A former construction union organiser has been arrested a short while after he admitted to a royal commission he took $60,000 from a formwork company owner – but only because they were friends.
The trade unions royal commission was also played a secret recording on from April this year in which Halafihi “Fihi” Kivalu demanded Elias Taleb pay him another $50,000.
But the former organiser, who left the CFMEU last November, said the payments in instalments – which he later gambled away on the pokies – were made without the union’s knowledge.
“Mr Taleb voluntarily gave me money hoping that I would use my contacts to help him in the industry,” he said.
He added that the handovers were always above board and never happened when he was wearing a CFMEU uniform.
The pair were friends, often sharing a beer, and their children played together.
However, another call played to the hearing – between Mr Kivalu and his wife – indicated he knew what he was doing was wrong.
“What else do I do, because I organised a crime and it comes back to bite us up in the arse … if I’m behind bars because I’ve organised people,” he told his wife during the conversation.
Mr Taleb, the owner of Class 1 Form, told a hearing on Monday he paid Mr Kivalu a total of $135,000 to secure jobs in the capital.
“Mr Taleb is full of s***,” the former organiser told the commission on Thursday, before being asked to calm down by commissioner Dyson Heydon.
When pressed on the call where he demanded more money, Mr Kivalu said he was trying to give Mr Taleb a piece of his own medicine after he “blackmailed” him to the union’s ACT branch secretary, Dean Hall.
Mr Kivalu also admitted to accepting $40,000 from tiler Medwhat Elesawiy, but said it was also voluntarily offered in the hope that he would help with work in Canberra.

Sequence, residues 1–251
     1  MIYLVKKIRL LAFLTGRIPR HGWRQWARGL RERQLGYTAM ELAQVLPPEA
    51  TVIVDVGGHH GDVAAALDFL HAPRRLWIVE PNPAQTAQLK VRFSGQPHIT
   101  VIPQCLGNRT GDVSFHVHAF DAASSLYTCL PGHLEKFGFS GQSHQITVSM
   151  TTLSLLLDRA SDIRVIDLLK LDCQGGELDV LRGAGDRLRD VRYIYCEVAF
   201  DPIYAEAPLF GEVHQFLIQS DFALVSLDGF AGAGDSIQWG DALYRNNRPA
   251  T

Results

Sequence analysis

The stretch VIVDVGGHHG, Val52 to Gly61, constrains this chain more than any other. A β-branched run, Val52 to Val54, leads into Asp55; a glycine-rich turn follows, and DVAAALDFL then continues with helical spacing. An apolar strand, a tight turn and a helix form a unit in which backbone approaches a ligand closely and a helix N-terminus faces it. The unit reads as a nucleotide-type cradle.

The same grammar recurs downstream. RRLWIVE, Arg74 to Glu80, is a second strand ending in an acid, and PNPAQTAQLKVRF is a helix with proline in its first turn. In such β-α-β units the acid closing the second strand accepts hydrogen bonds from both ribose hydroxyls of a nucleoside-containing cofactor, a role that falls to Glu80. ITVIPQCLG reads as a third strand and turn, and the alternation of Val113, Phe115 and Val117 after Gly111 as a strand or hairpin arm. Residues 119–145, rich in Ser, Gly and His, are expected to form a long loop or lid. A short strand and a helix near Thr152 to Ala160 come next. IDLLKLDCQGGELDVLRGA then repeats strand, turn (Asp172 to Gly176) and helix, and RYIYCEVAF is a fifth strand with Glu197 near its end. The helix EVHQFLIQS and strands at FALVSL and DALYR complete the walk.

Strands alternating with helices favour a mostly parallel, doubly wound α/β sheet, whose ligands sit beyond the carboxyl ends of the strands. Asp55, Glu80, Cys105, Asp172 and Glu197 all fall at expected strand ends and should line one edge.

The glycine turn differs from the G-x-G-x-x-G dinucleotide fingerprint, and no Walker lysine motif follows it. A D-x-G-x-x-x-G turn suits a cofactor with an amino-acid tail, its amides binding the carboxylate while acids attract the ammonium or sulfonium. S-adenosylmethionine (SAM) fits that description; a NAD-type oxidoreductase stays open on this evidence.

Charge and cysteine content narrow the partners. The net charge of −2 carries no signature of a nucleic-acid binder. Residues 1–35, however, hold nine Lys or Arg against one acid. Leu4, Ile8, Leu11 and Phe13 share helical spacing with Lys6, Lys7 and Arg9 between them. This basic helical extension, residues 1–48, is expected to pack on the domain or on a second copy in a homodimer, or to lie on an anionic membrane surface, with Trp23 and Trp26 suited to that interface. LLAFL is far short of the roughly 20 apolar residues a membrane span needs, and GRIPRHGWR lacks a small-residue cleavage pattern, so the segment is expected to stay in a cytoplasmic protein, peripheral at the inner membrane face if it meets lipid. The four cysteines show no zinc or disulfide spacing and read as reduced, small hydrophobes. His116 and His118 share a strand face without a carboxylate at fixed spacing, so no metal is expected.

Later, after his evidence and a meeting with his lawyers at a Canberra office building, police officers arrested Mr Kivalu.
He was led outside without handcuffs and put into the back of a police van.
The former organiser had earlier also admitted to not knowing how he came to pocket more than $32,000 in redundancy pay.
Mr Kivalu told the hearing he resigned from his position for personal reasons on November 10, 2014.
But when asked why he received a redundancy payment of $32,267 a day later, Mr Kivalu told the commissioner: “I don’t know.”
The CFMEU’s legal team turned up denying it boycotted the first three days of the ACT hearings.
The union’s national secretary, Dave Noonan, had distanced himself from Mr Kivalu, saying on Monday allegations against the former organiser should be investigated by the police and courts.
ACT Policing said in a statement that officers had arrested a 39-year-old Queanbeyan man following the hearings.
“Inquiries are continuing, and it would not be appropriate to make any further comment at this point,” a spokeswoman said.
By Jennifer Rajca